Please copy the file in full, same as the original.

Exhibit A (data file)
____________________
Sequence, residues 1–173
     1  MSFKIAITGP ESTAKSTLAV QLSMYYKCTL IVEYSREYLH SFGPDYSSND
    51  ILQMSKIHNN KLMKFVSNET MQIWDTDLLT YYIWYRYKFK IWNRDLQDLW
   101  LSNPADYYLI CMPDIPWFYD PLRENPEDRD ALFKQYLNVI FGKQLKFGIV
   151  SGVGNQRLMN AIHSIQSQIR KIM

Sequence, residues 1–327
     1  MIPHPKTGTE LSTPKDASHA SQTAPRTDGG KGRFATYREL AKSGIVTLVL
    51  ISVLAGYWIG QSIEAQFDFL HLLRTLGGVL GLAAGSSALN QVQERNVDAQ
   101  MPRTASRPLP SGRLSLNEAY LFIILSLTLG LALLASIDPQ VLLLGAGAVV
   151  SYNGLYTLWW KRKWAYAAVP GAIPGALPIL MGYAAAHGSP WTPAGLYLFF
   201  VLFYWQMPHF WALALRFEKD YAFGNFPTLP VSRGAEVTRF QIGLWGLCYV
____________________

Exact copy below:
Sequence, residues 1–173
     1  MSFKIAITGP ESTAKSTLAV QLSMYYKCTL IVEYSREYLH SFGPDYSSND
    51  ILQMSKIHNN KLMKFVSNET MQIWDTDLLT YYIWYRYKFK IWNRDLQDLW
   101  LSNPADYYLI CMPDIPWFYD PLRENPEDRD ALFKQYLNVI FGKQLKFGIV
   151  SGVGNQRLMN AIHSIQSQIR KIM

Sequence, residues 1–327
     1  MIPHPKTGTE LSTPKDASHA SQTAPRTDGG KGRFATYREL AKSGIVTLVL
    51  ISVLAGYWIG QSIEAQFDFL HLLRTLGGVL GLAAGSSALN QVQERNVDAQ
   101  MPRTASRPLP SGRLSLNEAY LFIILSLTLG LALLASIDPQ VLLLGAGAVV
   151  SYNGLYTLWW KRKWAYAAVP GAIPGALPIL MGYAAAHGSP WTPAGLYLFF
   201  VLFYWQMPHF WALALRFEKD YAFGNFPTLP VSRGAEVTRF QIGLWGLCYV